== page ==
The Bell 47 helicopter I’m riding shotgun in can barely keep pace with the powerful speedboat below. In the cockpit of the late model Donzi are sacks of what appear to be colourfully wrapped boxes of various sizes. No doubt meant to look like Christmas gifts to all but the most trained eye. I’ve been hired by the American Drug Enforcement Agency to intercept and detain their number one suspected narcotics courier. Failing that, we are to scuttle the boat and terminate it’s driver.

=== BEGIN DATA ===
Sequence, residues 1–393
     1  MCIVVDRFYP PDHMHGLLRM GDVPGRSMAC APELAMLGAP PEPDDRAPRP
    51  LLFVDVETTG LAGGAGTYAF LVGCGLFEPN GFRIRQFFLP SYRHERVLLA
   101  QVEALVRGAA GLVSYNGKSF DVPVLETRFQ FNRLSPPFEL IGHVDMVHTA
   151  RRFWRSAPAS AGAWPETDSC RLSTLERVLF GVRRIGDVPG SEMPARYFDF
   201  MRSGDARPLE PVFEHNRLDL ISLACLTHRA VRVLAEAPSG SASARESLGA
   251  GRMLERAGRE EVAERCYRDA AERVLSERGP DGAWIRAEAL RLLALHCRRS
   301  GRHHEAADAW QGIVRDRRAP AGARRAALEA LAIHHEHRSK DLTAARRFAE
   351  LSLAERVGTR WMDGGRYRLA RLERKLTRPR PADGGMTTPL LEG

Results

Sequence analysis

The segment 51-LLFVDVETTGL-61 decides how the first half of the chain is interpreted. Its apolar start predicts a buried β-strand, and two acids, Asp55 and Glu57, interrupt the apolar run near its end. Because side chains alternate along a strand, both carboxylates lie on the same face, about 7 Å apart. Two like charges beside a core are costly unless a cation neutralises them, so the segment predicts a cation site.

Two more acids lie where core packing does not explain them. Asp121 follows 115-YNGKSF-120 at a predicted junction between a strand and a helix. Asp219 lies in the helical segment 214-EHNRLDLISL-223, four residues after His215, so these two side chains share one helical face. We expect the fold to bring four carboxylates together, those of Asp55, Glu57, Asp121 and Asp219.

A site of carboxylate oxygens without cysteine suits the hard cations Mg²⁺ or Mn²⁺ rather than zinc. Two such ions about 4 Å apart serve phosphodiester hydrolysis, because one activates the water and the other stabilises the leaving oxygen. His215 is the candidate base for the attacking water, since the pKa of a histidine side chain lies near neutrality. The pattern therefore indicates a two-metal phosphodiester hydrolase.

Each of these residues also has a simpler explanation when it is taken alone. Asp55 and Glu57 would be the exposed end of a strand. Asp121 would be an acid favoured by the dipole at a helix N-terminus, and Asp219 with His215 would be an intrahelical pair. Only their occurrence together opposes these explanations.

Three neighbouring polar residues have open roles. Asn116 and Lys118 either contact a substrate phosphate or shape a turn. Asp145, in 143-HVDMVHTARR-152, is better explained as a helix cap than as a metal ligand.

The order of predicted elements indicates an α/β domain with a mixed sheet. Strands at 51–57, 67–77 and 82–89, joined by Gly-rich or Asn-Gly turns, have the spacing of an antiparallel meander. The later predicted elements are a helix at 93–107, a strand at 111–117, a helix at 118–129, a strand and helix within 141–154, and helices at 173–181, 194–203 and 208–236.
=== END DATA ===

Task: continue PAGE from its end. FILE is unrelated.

The bright red speedboat stands out against the blue green Atlantic ocean as it slices through the waves. We pick up the chase, during the weekly run from Baffin Bay to Galveston, off the coast of Georgia, U.S. America. His red stocking cap fluttering in the wind, the DEA suspect is resplendent in bright red shorts and a red and white Hawaiian shirt. When he turns his head up at us after seeing the chopper’s shadow cross his bow, I see it’s Cringle! Quick as a wink, Claus steers his craft hard right, west, toward the mainland. “Damn it, he’s heading for the Intercostal Waterway!”, the DEA pilot exclaims over the headphones, “We’re going to lose him!” Deftly manoeuvring the forty three foot long speeding boat past pleasure and commercial vessels, Kris shows no sign of slowing down. Ninety two miles per hour, no regard to the established ICW speed limit, Santa slices past cabin cruisers with the precision of a surgeon carving a Christmas turkey. Whenever openings between cruisers and yachts aren’t wide enough for passage, Sinterklaas waves his hand as if using some sort of Jedi power to push the vessels apart. Remarkably, it works.